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Third-party Senate candidate spreads his message across Utah

By Richard Piatt | Posted - Sep. 14, 2010 at 6:01 p.m.



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CACHE COUNTY -- A Cache County man is crisscrossing the state to let voters know there is another choice for U.S. Senate this fall other than the two major-party candidates.

Who is... Scott Bradley?
Scott Bradley is an independent business owner from Logan who has been involved in Utah politics for over 40 years. The former republican has served as a County Central Committee member, a Precinct Chairman, County Delegate, State Delegate, and State Central Committee member of the Republican Party of Utah. He made the switch to the Constitution Party to "better champion the Constitution."

Scott Bradley is Constitution Party candidate running alongside Republican Mike Lee and Democrat Sam Granato. Bradley is a serious student of history who says his platform is the Constitution itself.

"You're going to get more of the same if you elect either one of the other candidates," Bradley said.

Bradley is not very well known, but he's working hard to change that.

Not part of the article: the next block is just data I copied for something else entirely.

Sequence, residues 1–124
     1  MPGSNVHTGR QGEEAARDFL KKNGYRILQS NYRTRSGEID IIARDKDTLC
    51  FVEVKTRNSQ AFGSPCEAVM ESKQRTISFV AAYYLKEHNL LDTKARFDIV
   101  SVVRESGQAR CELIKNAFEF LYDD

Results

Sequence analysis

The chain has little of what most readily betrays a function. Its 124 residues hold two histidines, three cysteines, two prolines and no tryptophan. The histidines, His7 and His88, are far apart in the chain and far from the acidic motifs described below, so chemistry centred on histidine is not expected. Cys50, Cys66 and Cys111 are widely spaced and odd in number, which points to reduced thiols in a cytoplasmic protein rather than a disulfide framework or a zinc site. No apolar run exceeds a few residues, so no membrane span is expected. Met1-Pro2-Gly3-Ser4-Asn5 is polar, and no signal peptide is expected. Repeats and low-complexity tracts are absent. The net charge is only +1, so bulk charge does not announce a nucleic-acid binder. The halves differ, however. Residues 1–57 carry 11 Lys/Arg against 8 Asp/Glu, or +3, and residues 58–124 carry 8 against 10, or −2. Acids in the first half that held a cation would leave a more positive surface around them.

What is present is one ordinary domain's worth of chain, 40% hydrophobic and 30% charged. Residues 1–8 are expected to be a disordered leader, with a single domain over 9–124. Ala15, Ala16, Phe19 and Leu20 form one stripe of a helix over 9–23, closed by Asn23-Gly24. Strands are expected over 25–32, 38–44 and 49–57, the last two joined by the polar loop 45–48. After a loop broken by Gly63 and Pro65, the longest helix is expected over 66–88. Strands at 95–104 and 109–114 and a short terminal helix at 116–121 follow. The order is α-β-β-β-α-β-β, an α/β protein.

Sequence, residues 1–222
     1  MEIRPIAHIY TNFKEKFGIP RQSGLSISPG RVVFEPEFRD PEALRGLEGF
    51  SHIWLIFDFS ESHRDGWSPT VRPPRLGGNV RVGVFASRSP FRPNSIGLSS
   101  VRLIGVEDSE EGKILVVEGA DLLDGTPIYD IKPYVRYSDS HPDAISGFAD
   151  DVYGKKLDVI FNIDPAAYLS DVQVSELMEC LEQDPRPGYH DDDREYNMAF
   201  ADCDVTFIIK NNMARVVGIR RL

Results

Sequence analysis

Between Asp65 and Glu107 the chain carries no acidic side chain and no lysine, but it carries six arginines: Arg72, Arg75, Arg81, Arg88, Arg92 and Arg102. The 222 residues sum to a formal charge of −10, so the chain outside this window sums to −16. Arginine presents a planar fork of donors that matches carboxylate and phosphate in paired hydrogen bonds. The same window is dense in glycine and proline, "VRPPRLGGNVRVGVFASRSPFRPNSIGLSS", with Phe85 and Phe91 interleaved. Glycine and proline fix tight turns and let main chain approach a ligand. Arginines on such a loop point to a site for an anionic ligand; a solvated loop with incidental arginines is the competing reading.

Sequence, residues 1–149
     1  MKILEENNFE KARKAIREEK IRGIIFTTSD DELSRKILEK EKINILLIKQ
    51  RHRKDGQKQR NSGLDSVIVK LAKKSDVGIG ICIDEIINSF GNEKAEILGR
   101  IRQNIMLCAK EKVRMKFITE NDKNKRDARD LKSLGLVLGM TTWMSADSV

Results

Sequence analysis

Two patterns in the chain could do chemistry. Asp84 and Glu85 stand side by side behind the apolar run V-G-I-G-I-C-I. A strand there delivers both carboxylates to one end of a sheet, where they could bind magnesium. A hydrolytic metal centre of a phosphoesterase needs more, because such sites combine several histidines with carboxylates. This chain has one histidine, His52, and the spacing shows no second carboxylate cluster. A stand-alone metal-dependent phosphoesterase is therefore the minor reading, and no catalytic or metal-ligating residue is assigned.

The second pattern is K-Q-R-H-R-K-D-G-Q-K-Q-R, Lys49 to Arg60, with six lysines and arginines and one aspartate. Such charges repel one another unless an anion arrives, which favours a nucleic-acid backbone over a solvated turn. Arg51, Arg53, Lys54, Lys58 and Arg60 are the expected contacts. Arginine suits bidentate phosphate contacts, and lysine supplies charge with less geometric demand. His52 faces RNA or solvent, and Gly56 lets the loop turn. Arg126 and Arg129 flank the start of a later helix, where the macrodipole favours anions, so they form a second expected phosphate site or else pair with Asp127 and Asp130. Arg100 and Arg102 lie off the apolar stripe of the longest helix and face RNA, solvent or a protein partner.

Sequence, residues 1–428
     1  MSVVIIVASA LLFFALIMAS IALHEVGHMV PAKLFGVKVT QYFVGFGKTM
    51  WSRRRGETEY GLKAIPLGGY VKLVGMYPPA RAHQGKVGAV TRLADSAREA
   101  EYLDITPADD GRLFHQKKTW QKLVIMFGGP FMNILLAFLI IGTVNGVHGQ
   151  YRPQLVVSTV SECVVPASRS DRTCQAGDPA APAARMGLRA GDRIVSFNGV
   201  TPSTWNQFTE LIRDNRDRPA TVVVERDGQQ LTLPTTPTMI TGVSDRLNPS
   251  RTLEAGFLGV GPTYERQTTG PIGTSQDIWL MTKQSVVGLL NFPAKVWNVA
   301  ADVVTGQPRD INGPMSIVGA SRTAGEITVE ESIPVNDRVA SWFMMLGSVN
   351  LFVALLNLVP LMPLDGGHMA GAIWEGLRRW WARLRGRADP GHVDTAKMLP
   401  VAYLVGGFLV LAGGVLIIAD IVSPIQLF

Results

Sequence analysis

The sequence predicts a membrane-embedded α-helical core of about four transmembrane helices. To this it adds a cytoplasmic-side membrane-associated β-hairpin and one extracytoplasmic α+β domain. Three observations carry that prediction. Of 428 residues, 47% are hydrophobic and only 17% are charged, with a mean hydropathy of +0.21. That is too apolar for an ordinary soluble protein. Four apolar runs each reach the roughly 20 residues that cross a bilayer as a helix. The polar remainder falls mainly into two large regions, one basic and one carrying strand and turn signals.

Traveling around the state, often alone, he wrote a book called "To Preserve the Nation." The book, like his campaign platform, has a basic premise: Bradley says strict adherence to original Constitutional principles are the solution to the nation's problems.

What is... the Constitution Party?
The Constitution party aims to restore the U.S. government to its Constitutional limits and the law to its Biblical foundations. It is the third largest party in terms of registered voters with 367,000 members nationwide.

"My intention is not to run against anybody. My intention is restoration: the restoration of the principles this nation was founded on," he said. "If we kept our actions within those boundaries, all these other things would have a quick solution. Our deficits would vaporize."

And, Bradley says, so would problems regarding abortion, health care, immigration, taxation, gun control -- the list goes on.

At speaking engagements across the state like one held in Clinton, Utah, Tuesday -- which he calls "Freedom Forums" -- Bradley says he wants the Constitution as it was in 1787 -- the original intent of the document.

Among the issues he targets are the 14th and 17th Amendments, concerning birthright citizenship and election of Senate candidates.

Current interpretations are not the original intent of the founding fathers, Bradley says.

"When we got the Constitution, when it was brought forth, ratified, got the Bill of Rights and the nation applied those principals, then suddenly we began to stand tall," he said.

Neither Democrat Sam Granato or Republican Mike Lee have much to say about Bradley's presence in the campaign. Granato's campaign Tuesday just said he "welcomes all candidates in this race."

Scott Bradley is not included in many candidate forums or debates where Lee and Granato are appearing. He is hoping to gather enough support -- and apply enough pressure -- to get a place beside them.

E-mail: rpiatt@ksl.com

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